The first compilation of Kansas City Smart City data was released yesterday. Sharing the data and information with 18 other cities, five federal agencies and two other countries, Smart City project leaders explain how strategic use of Big Data analysis is helping KC improve commonly shared public infrastructure and services and can help shape federal Smart City policy.
Joining in a $15 million public-partnership with Cisco, Sprint and Big Think Partners, KC’s government created a Smart City Corridor that stretches across 50 square downtown blocks and encompasses 125 network-connected streetlights and interactive information kiosks, as well as a modern, two mile-long reincarnation of an early 20th century electric streetcar system that’s free to the public.
Wireless sensors installed in Smart City Corridor devices and equipment gather and transport real-time data for analysis by Big Data applications and subsequent decision-making and action by city agencies.
“We’ve been testing the quality of the data collected through our Smart City infrastructure,” explained Kansas City’s Chief Innovation Officer Bob Bennett. “Now we will put it to work to benefit Kansas City residents.”
“The Smart City sensors and digital tools are cool, but understanding how to use these tools – and the data that they generate – bridges the gap between cool and smart,” Kansas City Mayor Sly James pointed out.
Kansas City Smart City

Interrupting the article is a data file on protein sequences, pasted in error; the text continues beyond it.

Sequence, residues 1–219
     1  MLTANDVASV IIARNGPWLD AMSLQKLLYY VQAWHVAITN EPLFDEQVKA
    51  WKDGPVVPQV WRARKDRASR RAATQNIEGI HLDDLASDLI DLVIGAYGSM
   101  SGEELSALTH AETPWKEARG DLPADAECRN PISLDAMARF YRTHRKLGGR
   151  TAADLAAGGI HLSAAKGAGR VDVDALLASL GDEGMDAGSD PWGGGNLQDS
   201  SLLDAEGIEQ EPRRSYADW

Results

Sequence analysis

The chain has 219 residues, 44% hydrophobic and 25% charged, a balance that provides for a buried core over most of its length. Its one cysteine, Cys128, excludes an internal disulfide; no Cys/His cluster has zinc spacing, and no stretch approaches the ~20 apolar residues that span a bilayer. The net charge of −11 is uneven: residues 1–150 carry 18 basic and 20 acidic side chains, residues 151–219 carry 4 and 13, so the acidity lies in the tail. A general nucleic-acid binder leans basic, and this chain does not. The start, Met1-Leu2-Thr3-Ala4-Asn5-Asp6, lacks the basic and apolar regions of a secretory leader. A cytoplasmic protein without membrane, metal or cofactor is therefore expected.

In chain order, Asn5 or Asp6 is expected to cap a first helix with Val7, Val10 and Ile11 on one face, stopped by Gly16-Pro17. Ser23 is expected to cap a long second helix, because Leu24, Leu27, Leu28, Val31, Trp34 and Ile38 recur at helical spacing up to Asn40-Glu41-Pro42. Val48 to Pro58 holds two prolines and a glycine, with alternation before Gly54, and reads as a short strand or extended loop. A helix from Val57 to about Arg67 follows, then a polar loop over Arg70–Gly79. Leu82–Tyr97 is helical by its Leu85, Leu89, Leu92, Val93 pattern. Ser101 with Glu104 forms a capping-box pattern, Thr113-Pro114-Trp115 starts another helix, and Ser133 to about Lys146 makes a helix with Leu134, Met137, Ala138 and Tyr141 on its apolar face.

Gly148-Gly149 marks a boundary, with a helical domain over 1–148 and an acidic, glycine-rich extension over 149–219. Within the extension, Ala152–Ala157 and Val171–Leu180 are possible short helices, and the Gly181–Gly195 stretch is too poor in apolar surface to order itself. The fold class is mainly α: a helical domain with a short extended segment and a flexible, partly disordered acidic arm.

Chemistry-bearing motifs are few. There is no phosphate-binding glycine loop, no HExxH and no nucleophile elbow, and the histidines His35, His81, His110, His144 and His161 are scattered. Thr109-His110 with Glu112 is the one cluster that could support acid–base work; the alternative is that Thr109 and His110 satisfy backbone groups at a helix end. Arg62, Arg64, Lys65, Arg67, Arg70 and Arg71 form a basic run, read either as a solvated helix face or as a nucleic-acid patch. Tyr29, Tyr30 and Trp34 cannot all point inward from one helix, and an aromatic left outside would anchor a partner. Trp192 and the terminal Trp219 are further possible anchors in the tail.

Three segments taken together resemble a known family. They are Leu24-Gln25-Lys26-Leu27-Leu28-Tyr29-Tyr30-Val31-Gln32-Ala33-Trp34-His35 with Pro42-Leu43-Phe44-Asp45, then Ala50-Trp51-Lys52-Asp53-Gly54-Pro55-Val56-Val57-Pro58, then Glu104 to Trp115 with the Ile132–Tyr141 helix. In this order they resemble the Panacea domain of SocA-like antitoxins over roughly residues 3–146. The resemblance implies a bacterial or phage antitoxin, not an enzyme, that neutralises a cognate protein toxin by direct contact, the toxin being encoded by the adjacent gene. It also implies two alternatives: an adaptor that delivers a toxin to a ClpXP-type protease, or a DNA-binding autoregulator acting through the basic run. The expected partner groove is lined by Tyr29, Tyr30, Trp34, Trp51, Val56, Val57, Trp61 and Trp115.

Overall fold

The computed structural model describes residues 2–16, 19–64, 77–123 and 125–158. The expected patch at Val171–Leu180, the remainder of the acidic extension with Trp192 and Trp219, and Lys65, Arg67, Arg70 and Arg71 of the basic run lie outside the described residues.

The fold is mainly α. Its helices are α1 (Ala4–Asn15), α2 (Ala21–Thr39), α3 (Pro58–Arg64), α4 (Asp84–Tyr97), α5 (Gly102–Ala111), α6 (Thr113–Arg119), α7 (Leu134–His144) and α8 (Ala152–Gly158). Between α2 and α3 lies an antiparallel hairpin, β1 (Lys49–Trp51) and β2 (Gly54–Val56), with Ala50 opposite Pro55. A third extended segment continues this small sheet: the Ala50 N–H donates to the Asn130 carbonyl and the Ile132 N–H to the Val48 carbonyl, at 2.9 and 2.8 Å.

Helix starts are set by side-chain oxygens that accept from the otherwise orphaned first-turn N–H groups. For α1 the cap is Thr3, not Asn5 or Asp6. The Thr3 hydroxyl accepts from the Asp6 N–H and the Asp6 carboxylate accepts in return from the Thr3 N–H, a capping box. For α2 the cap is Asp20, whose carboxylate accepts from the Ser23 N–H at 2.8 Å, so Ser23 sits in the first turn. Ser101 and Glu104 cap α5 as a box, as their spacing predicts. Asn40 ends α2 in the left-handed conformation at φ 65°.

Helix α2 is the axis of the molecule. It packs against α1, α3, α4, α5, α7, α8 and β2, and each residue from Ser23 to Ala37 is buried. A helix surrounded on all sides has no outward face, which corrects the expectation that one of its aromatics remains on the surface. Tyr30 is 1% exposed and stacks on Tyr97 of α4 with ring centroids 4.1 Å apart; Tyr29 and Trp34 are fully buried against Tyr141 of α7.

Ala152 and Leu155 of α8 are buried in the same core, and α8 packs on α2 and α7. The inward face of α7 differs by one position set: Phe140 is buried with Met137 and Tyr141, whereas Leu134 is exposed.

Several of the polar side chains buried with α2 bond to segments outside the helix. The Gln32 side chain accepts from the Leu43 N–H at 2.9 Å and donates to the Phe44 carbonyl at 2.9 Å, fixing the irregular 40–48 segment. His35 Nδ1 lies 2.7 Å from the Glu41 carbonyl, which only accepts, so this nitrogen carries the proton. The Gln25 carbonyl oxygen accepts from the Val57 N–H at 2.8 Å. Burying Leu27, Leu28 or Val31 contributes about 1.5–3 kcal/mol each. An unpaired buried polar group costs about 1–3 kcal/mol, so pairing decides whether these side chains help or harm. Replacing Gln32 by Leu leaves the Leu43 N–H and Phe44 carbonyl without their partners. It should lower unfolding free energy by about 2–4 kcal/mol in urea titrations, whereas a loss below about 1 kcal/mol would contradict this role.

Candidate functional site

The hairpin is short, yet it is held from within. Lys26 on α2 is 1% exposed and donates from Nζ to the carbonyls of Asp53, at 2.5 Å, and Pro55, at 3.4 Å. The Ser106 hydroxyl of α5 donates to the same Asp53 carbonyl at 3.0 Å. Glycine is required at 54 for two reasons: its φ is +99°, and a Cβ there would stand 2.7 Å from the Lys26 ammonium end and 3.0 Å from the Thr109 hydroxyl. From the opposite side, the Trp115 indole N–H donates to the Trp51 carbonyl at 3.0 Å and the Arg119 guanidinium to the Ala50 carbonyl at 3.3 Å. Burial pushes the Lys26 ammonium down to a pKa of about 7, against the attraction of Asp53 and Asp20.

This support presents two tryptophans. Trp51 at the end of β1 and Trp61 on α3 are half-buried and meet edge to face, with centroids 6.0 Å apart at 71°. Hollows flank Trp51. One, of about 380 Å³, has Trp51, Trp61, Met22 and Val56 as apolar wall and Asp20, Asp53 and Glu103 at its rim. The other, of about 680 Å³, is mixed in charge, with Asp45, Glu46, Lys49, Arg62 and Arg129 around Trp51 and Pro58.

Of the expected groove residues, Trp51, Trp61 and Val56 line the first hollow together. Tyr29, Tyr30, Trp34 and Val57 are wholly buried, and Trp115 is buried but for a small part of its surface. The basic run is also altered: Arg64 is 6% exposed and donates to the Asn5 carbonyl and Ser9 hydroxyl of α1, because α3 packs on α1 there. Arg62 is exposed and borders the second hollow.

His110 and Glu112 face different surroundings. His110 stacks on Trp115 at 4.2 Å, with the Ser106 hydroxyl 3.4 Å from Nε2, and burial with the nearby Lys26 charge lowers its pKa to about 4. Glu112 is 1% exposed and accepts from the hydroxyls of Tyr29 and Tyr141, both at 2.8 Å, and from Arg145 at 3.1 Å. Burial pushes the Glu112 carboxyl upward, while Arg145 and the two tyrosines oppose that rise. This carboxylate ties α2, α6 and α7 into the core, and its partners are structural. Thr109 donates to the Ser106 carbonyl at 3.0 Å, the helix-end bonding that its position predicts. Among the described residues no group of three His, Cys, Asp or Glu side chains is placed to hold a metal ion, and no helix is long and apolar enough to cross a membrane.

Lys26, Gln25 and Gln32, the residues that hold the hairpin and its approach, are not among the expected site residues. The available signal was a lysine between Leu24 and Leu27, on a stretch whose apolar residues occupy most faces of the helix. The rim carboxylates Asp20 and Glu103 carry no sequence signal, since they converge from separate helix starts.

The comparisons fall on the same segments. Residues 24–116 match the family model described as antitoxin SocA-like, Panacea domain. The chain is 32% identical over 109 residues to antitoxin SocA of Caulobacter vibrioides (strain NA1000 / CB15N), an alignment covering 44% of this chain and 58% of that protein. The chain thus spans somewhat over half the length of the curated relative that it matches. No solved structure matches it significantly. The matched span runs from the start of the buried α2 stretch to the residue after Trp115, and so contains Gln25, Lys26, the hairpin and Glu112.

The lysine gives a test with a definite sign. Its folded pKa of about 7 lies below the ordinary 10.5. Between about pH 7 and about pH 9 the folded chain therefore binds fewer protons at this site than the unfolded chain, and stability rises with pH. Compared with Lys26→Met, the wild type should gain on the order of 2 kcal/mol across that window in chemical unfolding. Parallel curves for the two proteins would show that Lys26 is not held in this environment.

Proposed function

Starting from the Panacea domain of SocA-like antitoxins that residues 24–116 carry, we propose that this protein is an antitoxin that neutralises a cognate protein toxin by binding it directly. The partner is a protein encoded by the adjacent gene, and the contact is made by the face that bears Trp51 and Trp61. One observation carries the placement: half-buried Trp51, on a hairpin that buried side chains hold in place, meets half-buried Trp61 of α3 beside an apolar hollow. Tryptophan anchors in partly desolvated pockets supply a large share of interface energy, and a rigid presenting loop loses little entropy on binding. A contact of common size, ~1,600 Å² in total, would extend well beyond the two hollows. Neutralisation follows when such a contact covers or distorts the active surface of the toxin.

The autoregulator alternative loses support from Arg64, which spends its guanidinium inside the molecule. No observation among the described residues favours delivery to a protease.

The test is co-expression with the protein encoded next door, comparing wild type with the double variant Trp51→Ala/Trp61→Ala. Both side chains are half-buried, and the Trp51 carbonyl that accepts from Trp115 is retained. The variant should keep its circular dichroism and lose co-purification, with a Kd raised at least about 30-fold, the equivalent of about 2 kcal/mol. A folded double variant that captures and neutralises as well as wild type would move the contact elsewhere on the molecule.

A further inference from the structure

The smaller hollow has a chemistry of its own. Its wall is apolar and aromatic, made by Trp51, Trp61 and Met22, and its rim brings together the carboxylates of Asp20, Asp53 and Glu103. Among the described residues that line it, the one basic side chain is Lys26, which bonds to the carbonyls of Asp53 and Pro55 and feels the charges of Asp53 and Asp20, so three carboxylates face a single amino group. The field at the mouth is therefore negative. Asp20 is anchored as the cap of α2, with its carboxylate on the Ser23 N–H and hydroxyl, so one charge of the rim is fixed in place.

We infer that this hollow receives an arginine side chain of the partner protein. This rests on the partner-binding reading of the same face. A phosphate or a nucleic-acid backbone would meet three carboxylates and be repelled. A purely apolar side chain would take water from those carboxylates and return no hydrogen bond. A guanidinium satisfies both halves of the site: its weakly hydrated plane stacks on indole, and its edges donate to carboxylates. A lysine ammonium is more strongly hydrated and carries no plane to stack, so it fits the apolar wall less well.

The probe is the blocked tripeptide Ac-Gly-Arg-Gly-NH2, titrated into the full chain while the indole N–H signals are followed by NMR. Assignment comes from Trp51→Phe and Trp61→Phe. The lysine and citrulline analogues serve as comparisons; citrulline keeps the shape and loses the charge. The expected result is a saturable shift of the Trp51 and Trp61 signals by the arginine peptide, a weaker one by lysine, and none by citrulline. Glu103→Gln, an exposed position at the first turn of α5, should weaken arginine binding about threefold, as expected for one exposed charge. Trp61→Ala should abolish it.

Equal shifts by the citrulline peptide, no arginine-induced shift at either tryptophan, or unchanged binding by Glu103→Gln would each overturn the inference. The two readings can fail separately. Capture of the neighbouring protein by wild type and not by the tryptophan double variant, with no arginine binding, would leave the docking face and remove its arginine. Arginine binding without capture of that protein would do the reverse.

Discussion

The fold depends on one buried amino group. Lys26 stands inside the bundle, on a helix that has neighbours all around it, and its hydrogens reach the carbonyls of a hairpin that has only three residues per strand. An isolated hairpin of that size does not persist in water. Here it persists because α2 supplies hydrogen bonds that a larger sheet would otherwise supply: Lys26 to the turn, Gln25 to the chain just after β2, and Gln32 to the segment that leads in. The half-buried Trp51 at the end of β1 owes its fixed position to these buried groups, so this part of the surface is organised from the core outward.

With a projected cost exceeding $15 million, Kansas City launched a public-private Smart City initiative back in May 2016. The initiative is supported by gigabit network infrastructure installed by Google Fiber.
Highlighting the scope and scale of the Smart City Corridor’s real-time Big Data capabilities, the city is providing a map-based visualization that reveals available public parking, traffic flow, pedestrian hotspots and the location of KC Streetcars.
In addition, KC expects to export the Smart City data to its City Open Data Catalog and introduce it via a platform developed by Xaqt. Big Data presentation technology from Xaqt is also being used to display Smart City Corridor data visualizations to the public.
Looking forward, the city expects further data gathering and analysis will yield substantial taxpayer savings by improving the efficiency of repairs and maintenance to city streets, water lines and other public infrastructure, a press release notes.
KC will also be sharing its Smart City data by publishing it during a national workshop it will co-host with Big Think Partners and the the U.S. Dept. of Commerce’s National Institute of Standards and Technology (NIST).